Governor says help is on the way, dispatching 100 nurses to Bay Area hospitals
TAMPA, Fla. - Florida Gov. Ron DeSantis announced Thursday the state is sending 100 nurses to the Tampa Bay area to help hospitals handle the surge of COVID-19 patients.
The governor did not indicate which hospitals the nurses would be dispatched to, but it's expected the most crowded ones will be the first to receive assistance. The governor said the fleet of healthcare professionals were contracted by the state early in the pandemic so they could help in the case of a spike in hospitalizations.
"A lot of folks have been working a long time, really since March on this. I know we've had different blips and now we're in a higher blip than where we were in May and the beginning of June," DeSantis said. "We've dispatched 100 contract nurses that we had had under contract down to Miami-Dade, another hundred for the Tampa Bay area."
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Dr. Jason Wilson, with Tampa General Hospital, told the Hillsborough County Emergency Policy Group on Monday that the situation is worse now than when most of the state was locked down this spring.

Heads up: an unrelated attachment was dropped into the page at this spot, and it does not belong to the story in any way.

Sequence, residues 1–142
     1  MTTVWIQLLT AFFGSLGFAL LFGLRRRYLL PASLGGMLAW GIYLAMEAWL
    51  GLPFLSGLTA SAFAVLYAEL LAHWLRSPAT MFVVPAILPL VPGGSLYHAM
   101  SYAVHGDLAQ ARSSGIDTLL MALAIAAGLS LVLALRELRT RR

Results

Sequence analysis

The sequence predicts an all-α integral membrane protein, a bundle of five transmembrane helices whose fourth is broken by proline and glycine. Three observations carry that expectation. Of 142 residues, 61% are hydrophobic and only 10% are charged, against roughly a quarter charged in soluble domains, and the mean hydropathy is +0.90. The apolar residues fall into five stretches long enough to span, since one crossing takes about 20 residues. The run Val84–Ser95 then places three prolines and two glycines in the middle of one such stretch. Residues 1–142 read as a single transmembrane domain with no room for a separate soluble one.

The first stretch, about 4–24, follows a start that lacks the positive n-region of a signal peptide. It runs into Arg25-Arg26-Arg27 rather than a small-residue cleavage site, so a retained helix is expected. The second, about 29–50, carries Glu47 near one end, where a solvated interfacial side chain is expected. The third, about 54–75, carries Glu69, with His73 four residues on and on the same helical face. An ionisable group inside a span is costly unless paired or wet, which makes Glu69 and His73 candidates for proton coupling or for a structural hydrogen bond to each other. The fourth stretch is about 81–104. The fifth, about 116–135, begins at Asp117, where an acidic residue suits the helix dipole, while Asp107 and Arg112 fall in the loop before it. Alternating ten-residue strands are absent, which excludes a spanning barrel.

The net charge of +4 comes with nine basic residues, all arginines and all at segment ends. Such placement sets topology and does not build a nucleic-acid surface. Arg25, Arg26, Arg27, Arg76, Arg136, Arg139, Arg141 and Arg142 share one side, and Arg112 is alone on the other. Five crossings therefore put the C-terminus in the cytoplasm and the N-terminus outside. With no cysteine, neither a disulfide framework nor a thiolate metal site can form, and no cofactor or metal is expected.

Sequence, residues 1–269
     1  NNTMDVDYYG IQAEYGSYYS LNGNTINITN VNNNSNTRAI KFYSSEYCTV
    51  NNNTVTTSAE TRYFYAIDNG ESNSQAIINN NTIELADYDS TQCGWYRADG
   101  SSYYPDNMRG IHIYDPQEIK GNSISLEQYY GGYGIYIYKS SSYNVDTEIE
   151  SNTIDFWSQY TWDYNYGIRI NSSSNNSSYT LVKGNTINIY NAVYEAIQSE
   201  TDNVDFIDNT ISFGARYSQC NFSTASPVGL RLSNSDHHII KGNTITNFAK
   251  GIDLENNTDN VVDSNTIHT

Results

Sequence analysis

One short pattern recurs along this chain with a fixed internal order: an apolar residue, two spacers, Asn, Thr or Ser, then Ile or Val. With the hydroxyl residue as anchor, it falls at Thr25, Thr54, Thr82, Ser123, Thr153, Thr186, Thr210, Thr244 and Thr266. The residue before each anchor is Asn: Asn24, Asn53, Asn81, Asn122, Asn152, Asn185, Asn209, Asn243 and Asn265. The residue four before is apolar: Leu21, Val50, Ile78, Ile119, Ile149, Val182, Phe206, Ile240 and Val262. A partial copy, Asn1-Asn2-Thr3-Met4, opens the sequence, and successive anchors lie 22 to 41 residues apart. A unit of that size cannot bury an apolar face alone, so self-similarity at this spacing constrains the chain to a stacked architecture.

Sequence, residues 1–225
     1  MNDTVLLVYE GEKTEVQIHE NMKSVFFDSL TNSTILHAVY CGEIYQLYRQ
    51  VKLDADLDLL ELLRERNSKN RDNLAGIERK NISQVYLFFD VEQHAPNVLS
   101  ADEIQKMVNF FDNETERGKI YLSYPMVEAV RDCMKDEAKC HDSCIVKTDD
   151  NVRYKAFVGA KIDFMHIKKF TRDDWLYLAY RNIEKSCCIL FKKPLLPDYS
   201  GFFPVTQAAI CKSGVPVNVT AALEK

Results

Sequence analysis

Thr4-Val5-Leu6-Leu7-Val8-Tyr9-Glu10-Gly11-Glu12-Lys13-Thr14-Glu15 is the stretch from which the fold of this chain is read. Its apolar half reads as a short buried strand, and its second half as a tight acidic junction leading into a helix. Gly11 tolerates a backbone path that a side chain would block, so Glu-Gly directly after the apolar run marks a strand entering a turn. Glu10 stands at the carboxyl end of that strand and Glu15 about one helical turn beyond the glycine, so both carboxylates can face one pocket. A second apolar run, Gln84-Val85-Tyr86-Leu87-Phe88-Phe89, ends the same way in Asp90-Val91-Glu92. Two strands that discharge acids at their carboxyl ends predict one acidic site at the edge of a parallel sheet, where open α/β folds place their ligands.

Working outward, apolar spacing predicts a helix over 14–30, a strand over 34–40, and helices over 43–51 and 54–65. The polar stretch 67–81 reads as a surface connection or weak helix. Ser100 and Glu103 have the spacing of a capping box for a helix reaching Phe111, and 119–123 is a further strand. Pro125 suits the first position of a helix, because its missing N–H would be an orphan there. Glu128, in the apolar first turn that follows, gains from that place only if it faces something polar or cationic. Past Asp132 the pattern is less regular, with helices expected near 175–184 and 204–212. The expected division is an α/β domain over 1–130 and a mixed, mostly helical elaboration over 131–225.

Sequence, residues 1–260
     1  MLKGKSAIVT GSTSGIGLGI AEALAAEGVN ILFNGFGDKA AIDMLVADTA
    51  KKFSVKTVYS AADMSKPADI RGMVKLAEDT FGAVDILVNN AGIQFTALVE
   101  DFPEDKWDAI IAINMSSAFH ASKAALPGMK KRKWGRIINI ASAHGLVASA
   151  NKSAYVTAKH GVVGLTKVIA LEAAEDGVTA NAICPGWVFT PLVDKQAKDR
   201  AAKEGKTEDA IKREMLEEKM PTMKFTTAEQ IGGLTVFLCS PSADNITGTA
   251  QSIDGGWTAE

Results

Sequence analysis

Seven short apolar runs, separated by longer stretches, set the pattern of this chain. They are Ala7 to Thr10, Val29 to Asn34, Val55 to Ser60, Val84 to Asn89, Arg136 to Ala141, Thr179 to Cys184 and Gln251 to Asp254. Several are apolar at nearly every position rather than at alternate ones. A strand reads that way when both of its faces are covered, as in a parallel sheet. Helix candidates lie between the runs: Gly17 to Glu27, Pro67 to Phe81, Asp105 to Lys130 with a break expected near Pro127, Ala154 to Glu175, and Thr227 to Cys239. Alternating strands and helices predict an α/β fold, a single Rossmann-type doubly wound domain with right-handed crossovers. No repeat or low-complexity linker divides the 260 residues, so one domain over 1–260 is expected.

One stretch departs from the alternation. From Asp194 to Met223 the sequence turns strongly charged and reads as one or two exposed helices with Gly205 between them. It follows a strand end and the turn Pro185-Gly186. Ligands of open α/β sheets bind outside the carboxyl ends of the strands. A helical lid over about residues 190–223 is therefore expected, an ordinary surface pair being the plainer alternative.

Wilson said, "...on an average day around March or April our COVID census in the whole hospital for admitted patients might have been between 15 and 20. Right now, on a given day, it's over 60."
Dr. Jay Wolfson, an associate vice president with USF Health, said Hillsborough County's health care planning group met Thursday and discussed the additional nurses.
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Experts believe the contracted nurses will be military nurses from MacDill Air Force Base, some of whom recently returned from a deployment to help in New York.
Wolfson said the assistance is critical because the situation isn't likely going to improve any time soon.
"We're at that tipping point now. We can expand facilities. We can open up new rooms and have more ICU beds, but then you need staffing," Wolfson said. "Any relief you can get is really important because it's going to continue. We're not done with this yet. It's going to continue to rise and the only thing, the only thing that can begin to tamp down that curve is us."
Experts said once the nurses are in the area, they can be moved to different hospitals in different counties.
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